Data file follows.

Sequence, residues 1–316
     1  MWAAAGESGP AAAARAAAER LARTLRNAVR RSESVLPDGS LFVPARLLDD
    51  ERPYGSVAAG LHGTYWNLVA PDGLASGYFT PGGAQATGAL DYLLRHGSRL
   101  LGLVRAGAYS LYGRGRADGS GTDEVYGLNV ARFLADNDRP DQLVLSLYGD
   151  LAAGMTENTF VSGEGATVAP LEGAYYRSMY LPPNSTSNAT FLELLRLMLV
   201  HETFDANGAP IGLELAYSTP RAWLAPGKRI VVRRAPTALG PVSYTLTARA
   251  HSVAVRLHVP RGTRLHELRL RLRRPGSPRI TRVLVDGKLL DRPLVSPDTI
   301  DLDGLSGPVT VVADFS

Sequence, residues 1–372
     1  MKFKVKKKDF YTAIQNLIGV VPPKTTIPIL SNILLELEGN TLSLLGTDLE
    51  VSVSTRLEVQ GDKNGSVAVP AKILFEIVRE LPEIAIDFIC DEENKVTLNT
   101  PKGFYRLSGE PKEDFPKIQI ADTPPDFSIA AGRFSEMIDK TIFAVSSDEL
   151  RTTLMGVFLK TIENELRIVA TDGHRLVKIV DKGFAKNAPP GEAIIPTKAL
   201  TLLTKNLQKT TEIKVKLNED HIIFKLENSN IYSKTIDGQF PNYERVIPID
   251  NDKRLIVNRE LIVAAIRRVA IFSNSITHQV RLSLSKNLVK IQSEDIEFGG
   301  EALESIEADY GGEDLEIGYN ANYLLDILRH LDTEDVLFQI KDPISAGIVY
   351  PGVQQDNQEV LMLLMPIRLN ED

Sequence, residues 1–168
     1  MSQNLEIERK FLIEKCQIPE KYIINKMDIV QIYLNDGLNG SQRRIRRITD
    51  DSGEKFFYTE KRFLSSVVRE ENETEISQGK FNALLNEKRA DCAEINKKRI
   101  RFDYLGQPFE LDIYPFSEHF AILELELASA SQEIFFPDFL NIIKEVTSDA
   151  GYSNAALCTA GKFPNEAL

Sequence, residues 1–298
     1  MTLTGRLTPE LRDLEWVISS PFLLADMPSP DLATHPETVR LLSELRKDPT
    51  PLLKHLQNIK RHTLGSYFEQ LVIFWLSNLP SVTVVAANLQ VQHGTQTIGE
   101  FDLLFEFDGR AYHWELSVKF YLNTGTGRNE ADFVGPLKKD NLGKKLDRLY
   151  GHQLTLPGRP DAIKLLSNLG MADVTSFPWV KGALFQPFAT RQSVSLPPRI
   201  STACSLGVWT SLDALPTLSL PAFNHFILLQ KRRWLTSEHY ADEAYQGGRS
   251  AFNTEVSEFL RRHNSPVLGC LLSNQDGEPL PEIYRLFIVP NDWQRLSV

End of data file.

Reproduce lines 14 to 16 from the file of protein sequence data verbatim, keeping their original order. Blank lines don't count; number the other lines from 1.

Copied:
   201  TLLTKNLQKT TEIKVKLNED HIIFKLENSN IYSKTIDGQF PNYERVIPID
   251  NDKRLIVNRE LIVAAIRRVA IFSNSITHQV RLSLSKNLVK IQSEDIEFGG
   301  EALESIEADY GGEDLEIGYN ANYLLDILRH LDTEDVLFQI KDPISAGIVY